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How Credit Card Issuers Define Travel

Travel rewards credit cards provide you with opportunities to turn everyday spending into your next big vacation. Whether you're earning bonus rewards, redeeming points or miles for trip expenses, or taking advantage of travel credits, it's essential to understand how your card issuer defines traveling.

Categories commonly considered travel include:

-- Airlines

-- Hotels

-- Rental cars

-- Cruise lines

-- Discount travel sites

Depending on the card issuer, though, the list of categories under its travel definition can be much longer.

[Read: Best Travel Rewards Credit Cards.]

Why Travel Definition Matters

There are three situations where it's important to understand how your credit card issuer defines travel: earning rewards, redeeming rewards and using travel credits.

Earning rewards. Many rewards credit cards offer bonus rewards on certain travel-related purchases. With some cards, you'll earn extra points or miles on every purchase within the issuer's travel definition, while others may offer bonus rewards on things like air travel or hotels only.

Make sure you understand what counts as travel and what doesn't as you use your card to maximize your rewards.

"Take some time to review your monthly statements and verify how all of your purchases code," says Brandon Neth, credit card rewards and travel expert at FinanceBuzz.com. It might sound like a lot of work, he says, but if you generally spend at the same places, the initial research is the hardest part.

Redeeming rewards. Some general travel credit cards give you a lot of flexibility in how you redeem your points or miles.

Cards co-branded with an airline or hotel typically limit rewards redemption to that airline or hotel group. Others require booking through a proprietary booking tool. But with more flexible cards, you can book travel where you want and use your rewards to get your money back.

"This (arrangement) allows you to simply pay with your credit card," says Neth, "and anything that codes as travel can be 'erased' if you have enough points in your account."

That is, of course, if your transaction is considered eligible based on how card issuers define trip expenses. If not, you may end up spending a lot of money to book a trip only to find out that your rewards won't cover any of it.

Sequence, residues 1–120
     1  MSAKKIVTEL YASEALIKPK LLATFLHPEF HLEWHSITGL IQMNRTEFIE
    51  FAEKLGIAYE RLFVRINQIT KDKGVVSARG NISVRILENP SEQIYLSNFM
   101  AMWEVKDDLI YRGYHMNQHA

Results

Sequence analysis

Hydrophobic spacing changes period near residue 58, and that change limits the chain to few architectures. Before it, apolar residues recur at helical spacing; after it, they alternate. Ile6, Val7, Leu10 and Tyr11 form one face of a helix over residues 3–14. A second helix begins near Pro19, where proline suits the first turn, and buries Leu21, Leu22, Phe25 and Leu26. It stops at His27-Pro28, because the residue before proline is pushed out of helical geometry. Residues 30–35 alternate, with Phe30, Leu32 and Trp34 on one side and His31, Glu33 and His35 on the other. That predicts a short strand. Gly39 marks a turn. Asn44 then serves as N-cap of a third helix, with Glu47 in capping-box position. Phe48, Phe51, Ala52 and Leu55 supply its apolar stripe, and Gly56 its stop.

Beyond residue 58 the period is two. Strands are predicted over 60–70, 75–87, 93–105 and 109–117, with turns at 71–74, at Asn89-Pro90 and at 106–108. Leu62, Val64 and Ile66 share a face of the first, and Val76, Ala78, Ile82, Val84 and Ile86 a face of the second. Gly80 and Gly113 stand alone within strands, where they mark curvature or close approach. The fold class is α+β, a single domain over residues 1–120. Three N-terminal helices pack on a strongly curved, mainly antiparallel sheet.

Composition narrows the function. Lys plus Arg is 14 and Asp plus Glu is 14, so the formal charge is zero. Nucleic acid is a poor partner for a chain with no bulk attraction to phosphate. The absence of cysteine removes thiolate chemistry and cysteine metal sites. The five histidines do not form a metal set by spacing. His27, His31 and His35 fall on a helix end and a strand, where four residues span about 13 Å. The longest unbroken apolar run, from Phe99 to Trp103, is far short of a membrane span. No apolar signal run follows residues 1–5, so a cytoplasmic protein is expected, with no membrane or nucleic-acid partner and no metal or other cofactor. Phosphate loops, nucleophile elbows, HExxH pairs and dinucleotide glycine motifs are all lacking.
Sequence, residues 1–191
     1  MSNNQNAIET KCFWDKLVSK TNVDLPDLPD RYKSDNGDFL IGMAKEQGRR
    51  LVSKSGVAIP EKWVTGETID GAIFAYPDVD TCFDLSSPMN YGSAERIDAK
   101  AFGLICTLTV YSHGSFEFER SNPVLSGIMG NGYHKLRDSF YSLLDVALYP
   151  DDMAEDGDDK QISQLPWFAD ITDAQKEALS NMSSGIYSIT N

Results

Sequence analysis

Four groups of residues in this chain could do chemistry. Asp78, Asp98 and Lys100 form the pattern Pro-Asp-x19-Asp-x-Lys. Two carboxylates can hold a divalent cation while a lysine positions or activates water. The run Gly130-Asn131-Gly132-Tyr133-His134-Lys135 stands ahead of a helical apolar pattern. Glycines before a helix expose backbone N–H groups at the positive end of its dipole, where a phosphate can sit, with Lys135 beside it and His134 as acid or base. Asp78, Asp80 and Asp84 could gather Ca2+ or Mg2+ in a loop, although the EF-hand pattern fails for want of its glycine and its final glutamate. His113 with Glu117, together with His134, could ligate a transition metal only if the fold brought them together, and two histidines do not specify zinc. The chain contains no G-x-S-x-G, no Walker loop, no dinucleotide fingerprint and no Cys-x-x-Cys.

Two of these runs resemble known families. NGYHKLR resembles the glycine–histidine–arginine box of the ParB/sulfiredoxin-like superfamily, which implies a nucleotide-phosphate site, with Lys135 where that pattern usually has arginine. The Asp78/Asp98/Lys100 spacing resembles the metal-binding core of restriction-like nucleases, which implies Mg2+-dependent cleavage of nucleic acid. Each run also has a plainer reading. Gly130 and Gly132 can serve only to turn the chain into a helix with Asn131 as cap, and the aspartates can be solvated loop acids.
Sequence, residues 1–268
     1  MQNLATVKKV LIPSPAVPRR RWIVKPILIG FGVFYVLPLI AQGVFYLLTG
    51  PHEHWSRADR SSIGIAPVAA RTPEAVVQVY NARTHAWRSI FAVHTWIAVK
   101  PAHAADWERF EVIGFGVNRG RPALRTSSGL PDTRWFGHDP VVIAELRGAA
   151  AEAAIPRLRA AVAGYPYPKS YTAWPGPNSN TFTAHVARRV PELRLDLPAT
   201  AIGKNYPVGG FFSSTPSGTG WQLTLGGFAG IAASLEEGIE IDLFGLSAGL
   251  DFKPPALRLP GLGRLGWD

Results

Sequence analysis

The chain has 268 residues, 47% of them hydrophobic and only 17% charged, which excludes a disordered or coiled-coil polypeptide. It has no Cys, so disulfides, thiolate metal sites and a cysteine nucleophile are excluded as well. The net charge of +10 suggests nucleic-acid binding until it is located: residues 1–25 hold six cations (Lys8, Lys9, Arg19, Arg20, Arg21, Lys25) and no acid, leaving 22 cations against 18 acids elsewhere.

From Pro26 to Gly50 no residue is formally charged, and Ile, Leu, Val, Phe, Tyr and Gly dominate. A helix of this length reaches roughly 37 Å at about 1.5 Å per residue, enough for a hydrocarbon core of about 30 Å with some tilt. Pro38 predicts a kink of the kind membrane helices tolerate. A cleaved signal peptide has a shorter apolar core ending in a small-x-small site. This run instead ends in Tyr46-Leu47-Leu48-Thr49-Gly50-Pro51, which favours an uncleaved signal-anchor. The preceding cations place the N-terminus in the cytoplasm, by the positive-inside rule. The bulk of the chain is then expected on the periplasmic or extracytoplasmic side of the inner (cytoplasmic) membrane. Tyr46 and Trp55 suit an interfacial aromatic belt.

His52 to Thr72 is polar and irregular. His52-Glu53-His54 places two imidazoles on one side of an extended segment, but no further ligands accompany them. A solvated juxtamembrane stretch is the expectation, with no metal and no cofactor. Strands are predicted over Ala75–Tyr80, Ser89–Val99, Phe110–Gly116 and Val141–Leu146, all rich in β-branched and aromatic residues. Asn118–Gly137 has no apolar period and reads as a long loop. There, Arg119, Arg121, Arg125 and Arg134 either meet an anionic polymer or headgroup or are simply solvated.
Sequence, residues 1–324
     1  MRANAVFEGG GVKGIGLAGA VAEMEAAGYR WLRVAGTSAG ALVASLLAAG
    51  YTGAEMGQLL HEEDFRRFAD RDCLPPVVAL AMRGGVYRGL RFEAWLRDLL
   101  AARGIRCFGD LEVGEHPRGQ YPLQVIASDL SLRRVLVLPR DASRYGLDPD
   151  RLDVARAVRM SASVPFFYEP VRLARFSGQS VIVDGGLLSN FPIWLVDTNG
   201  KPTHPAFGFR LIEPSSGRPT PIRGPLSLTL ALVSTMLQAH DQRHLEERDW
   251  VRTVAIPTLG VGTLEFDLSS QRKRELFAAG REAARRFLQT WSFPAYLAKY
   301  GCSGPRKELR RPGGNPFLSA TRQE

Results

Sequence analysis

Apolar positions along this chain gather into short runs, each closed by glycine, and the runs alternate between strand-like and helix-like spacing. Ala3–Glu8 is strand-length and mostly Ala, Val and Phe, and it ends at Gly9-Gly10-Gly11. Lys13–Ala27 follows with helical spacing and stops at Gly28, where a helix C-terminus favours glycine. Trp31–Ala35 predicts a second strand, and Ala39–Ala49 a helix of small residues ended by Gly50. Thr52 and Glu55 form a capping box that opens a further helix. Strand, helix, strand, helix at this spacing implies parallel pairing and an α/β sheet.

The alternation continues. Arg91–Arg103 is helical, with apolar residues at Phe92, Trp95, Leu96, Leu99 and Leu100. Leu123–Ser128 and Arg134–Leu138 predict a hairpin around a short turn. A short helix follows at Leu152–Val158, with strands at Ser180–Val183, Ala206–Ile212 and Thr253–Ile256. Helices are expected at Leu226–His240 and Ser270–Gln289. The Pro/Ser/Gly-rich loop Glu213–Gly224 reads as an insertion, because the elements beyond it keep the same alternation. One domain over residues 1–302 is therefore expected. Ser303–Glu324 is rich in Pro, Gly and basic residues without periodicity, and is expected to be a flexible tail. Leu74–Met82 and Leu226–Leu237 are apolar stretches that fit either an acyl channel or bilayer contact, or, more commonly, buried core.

Using travel credits. In addition to rewards, some travel credit cards offer annual travel credits, which automatically kick in when you make a purchase that's eligible for the perk. Some cards, like the Chase Sapphire Reserve, offer a credit for anything that falls under the card issuer's travel definition. Others, however, may restrict the benefit to certain airline- or hotel-related expenses.

It's important to understand your card's definition for the perk.

[Read: Best Cruise Credit Cards.]

How Major Credit Card Issuers Define Travel

Each credit card issuer has its own list of categories that it considers travel. There are some commonalities, including airlines, hotels, rental cars, cruise lines and discount travel sites, but what some issuers consider travel may be more narrow than others.

"What counts as travel is not always clear, and some issuers are much more generous with their definition than others," says Rand Shoaf, author of travel rewards blog Well Traveled Mile. "It ultimately comes down to how they want to define travel to align with their credit card products."

If you're considering a new travel credit card or already have one with a major card issuer, here's what counts.

American Express. American Express doesn't have any credit cards that offer a specific bonus rewards category for travel or a blanket travel redemption option. You can, however, earn extra points with some cards when you book certain parts of your trip through amextravel.com, and you can redeem Membership Rewards for travel booked through the portal.

Bank of America. If you have a Bank of America credit card that offers bonus rewards and redemptions on travel, a wide spectrum of purchases will count. The bank considers airlines, lodging, travel agencies, ground and boat transportation, parking, and tourist attractions as eligible travel-related purchases.

Capital One. If you have a credit card that earns Capital One miles, you can redeem your rewards for purchases made from airlines, hotels, rail lines, car rental agencies, limousine services, bus lines, cruise lines, taxicabs, travel agents and timeshares.

Chase. A handful of Chase credit cards offer bonus rewards on travel-related purchases, and the Chase Sapphire Reserve offers a $300 annual credit toward travel expenses.

If you have one of these Chase cards, the following counts as travel: airlines, lodging, car rental agencies, cruise lines, travel agencies, discount travel sites, ground transportation, ferries and parking.